Effie Gray has received mixed reviews from critics. On Rotten Tomatoes, the film has a rating of 42%, based on 79 reviews, with an average rating of 5.6/10. The site's critical consensus reads, "Effie Gray benefits from its strong cast, elevating a period drama that doesn't strike quite as many narrative sparks as it could."[20] On Metacritic, the film has a score of 54 out of 100, based on 28 critics, indicating "mixed or average reviews".[21]

Mark Kermode said that the film "intelligently dramatises the prison-like nature of Effie’s status while struggling to engage us in what is essentially a non-relationship...we have a handsome but rather inert portrait of a suffocating social milieu in which it is left to Thompson herself to inject vibrant relief as the independently minded Lady Eastlake."[22] Tim Robey in The Telegraph said that "There are clever and sensitive touches right through, and a moving ending. But Fanning seems wholly uncomfortable, and not always intentionally. She's meant to be playing a trapped Pre-Raphaelite muse, frequently ill and/or sedated, but moons her way through the film seeming mostly dazed and confused."[23]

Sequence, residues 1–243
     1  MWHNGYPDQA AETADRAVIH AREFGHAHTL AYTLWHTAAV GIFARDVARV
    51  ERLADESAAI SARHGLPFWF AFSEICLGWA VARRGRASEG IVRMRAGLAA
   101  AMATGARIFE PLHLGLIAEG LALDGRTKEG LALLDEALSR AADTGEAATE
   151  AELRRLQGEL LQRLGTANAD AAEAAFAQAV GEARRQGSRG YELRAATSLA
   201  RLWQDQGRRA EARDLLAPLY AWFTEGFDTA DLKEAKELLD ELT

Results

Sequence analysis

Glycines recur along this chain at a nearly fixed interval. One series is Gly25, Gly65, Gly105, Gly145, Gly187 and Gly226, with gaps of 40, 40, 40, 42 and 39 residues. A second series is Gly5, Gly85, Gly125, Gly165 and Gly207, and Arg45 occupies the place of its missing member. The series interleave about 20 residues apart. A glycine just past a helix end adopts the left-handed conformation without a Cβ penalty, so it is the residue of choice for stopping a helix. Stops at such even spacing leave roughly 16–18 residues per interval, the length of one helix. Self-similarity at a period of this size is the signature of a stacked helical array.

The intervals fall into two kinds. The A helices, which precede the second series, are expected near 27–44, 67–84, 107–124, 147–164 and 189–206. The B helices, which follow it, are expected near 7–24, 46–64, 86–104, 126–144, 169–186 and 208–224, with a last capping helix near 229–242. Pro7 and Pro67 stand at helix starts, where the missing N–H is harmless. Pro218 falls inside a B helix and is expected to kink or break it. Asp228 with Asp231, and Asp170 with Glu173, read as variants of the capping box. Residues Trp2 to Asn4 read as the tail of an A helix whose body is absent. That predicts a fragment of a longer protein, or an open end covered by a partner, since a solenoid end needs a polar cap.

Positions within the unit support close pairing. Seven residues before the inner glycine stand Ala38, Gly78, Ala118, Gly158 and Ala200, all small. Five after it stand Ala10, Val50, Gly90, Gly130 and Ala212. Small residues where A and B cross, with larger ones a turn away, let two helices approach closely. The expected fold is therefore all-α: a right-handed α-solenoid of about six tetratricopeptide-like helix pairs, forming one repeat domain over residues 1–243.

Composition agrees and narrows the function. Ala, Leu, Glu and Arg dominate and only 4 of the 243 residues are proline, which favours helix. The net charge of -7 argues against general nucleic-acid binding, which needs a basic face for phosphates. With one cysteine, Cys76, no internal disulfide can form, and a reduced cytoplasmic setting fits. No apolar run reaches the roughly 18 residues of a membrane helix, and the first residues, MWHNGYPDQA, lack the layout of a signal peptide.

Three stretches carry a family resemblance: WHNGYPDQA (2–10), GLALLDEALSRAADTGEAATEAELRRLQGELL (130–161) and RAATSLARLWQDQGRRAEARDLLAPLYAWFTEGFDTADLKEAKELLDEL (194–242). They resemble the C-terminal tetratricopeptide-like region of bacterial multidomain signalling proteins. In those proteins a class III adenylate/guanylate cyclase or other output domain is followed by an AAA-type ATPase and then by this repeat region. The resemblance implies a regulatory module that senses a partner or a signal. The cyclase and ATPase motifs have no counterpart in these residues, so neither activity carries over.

David Sexton, in contrast, praised Fanning's performance as "remarkably good", but objected to the caricatured portrait of Ruskin and what he called the "Everyday Feminism" of the portrayal of Effie as a victim.[24] Stephen Dalton in The Hollywood Reporter was unflattering, calling the film "an exquisitely dreary slice of middlebrow armchair theater which adds little new to a much-filmed story. Despite a lurid plot involving sex scandal, family dysfunction and proto-feminist revolt, the end result is depressingly conventional and deadeningly tasteful...yet another surface-level rehash of Victorian costume-drama clichés." However, Fanning's "wounded, emotionally conflicted performance" was praised.[25]